For our project we have to study an infrared filter. This filter is composed of glass and several layers (nanolayers of titanium oxide, silver and cupper deposited on one side of the glass).
Now we have to determine the reflection coefficient of the coating (i.e. the nanolayers alone) given that of the glass and that of the filter as a whole.

Now our supervisor claims that this is calculated by the formula: $R_{filter} = R_{coating}R_{glass}$. This formula seems a bit odd to us though, f.i. because it doesn't hold in general (one can imagine a material composed of two materials, where one has 100% reflectance and the other 50%, so this material should have 100% reflectance, while according to the formula it has 50%). I wonder if somebody maybe knows if this formula holds, and maybe can explain which assumptions one could make under which one can derive the formula.


Yes... your supervisors formula is incorrect. Smart people make mistakes -- it happens. If your supervisor isn't open to criticism, then I suggest that you give him or her a few simple examples that illustrate the problem, and then immediately present a solution. Your example of a mirror coated over a non-mirror is a great place to start.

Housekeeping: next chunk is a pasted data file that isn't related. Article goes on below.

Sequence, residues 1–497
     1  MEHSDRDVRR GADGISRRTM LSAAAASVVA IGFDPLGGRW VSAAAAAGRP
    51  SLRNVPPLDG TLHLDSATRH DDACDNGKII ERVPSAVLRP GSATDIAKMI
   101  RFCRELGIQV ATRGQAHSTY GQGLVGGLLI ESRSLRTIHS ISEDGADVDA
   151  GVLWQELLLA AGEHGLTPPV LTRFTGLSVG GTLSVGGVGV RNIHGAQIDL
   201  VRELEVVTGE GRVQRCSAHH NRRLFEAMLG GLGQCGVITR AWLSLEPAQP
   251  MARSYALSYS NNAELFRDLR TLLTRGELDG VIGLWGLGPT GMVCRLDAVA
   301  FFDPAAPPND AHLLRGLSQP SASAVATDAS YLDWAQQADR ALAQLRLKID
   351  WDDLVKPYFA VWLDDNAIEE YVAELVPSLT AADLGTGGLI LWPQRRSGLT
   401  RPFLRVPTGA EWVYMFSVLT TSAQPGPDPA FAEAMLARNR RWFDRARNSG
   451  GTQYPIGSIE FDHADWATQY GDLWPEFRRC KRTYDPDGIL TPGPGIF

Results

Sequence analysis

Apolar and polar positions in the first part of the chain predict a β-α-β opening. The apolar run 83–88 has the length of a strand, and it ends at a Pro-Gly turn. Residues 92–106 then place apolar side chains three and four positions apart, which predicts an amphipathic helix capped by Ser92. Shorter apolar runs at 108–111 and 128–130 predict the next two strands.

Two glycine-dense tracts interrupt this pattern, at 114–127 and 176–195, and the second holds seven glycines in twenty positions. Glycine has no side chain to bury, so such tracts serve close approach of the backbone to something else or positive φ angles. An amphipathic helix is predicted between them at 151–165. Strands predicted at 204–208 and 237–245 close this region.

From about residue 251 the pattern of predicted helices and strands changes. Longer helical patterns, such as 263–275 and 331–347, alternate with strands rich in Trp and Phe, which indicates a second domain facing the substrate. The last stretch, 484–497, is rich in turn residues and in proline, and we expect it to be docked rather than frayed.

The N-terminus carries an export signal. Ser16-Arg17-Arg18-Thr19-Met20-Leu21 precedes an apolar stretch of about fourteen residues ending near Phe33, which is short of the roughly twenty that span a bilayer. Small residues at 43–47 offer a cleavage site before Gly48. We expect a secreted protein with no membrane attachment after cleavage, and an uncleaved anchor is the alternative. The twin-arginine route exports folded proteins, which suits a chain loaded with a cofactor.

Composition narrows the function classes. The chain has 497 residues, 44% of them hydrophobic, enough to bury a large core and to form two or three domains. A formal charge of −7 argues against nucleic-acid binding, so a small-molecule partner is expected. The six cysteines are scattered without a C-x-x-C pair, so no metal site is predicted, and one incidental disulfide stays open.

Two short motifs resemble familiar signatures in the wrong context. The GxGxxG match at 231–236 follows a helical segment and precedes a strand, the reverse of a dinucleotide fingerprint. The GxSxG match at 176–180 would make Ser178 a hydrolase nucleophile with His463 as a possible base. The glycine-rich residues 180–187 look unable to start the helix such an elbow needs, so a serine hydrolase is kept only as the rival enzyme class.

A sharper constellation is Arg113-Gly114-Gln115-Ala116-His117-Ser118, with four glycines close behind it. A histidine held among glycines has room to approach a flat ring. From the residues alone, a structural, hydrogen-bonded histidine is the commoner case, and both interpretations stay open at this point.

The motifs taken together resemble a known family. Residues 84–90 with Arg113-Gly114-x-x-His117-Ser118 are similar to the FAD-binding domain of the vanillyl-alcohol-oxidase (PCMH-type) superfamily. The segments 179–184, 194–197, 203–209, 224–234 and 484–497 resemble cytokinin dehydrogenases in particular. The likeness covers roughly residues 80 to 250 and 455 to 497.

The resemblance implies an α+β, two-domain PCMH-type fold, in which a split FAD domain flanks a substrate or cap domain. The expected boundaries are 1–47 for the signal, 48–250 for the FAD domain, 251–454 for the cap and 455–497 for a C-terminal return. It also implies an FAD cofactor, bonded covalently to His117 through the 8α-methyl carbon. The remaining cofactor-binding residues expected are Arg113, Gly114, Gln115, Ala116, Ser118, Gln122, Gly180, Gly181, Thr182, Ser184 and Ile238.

In order to solve your multiple reflection problem, you can use the transfer-matrix method. Unfortunately you'll need to invert the result, because you want to calculate the properties of one layer given the properties of several, which is the opposite of what the method is usually set up to do. Whether or not you can do this depends on if you have enough information to separate the effects of the different layers.

Also, note that the reflectance of one layer is actually undefined, because reflection is a property of an interface between two materials, not a property of a single material. Water in water doesn't reflect, and air in air doesn't reflect, but there is reflection at air-water interfaces. Your coatings will reflect different amounts if they are in contact with one another as compared to if they're in contact with air.

| cite | improve this answer | |

Your Answer

By clicking “Post Your Answer”, you agree to our terms of service, privacy policy and cookie policy

Not the answer you're looking for? Browse other questions tagged or ask your own question.